Friday, January 22, 2016

Nostos: A Phenomenology of Baseball and the Play of Verticality

Just in case you missed it, Baseball is the Great American Pastime; if we didn't know it before, we certainly knew it after Ken Burns' Baseball.

Take me out to the ball game,
Take me out with the crowd;
Just buy me some
peanuts and Cracker Jack,
I don't care if I never get back.
Let me root, root, root for the home team,
If they don't win, it's a shame.
For it's one, two, three strikes, you're out,
At the old ball game.

The first person to ever 'steal home' was not even a ball player, though he would have made a great manager: Odysseus. It took him 20 years to get back home, only to find his home defended by the visiting team; and the only way he can finally get home, is to steal it back again. In the process he drives home at least 2 points, one through the ax-heads, the other through Antinous's  throat, the locus of his usurpations. For Odysseus, these are all ecological matters, but to return to baseball, it's just part of the game.

Baseball is based on home, based on home base, based on a diamond-shaped field of 3 other bases, which need to be traversed prior to arrival at home. Putting aside the adolescent sexual metaphor of getting to 'first base,' and Elaine Benes' warning Keith Hernandez that she's not 'waving him in,' or Woody Allen's classic schtick about thinking of baseball to defer the moment of ecstasy, we can safely say that, for the most part, baseball is not really, or at least not just, about sex. Baseball is about nostos, and it enacts the epic journey of the hero returning to where he started, through trials and tribulations; and, in its fanfare for the common man, provides structures and patterns of human experience.

Come to think of it, perhaps baseball really is about sex, but 'sex' as generation and generativity, about the navigation of homeworld and alienworld, and the constitution of the lifeworld. Baseball entails home teams and visiting teams, about playing 'at home' or 'on the road;'  about playing in one's 'own house' or at someone else's 'own house.' We root for the 'home team' and, presumably having left our own homes to get to the home field, the matter is so grave that we 'don't care if we ever get back' (something Odysseus could never say). Baseball is alienating for fans and players alike.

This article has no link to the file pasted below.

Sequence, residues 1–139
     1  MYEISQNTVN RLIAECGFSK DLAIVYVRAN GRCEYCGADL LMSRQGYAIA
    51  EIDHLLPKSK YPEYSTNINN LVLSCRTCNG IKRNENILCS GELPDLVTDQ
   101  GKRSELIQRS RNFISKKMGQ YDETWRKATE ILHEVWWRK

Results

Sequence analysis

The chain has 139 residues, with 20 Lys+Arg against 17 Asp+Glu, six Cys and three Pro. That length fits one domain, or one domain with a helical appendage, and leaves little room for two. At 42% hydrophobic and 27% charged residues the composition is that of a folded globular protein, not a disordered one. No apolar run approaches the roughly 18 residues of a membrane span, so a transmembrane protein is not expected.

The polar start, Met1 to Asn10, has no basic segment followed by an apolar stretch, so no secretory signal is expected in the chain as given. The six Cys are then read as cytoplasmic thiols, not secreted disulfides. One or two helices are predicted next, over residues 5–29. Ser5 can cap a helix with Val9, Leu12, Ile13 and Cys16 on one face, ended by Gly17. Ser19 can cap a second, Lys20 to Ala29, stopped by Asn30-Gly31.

When a batter comes 'up to the plate' he stands very near home, oscillating over the base. The game invites him to leave the environing region of home through the trial of a 'pitch,' a projectile aimed at home but sometimes at the batter's head: baseball is a dangerous endeavor and being 'safe' is never guaranteed. If the batter gets the better part of the pitch, the battle is joined and the journey begins; if the pitch gets the better of the batter the batter is out, and retired to the dugout.

The home field is filled by 9 visitors, invaders really, who have pitched their tent for a few days, and who dedicate their play against the home team's desire to generate 'runs' or points that increase their score by crossing the threshold of home, home plate. Scoring is about reduplication, a generativity of returning home that increases the mass of home itself. Home is defended by increasing the home team's score and limiting the visitors' victories, their crossing the threshold of a home not their own. Each alien transgression of home is an assault, a diminution, an idolatrous delimitation of the home team, the home crowd, the homeworld.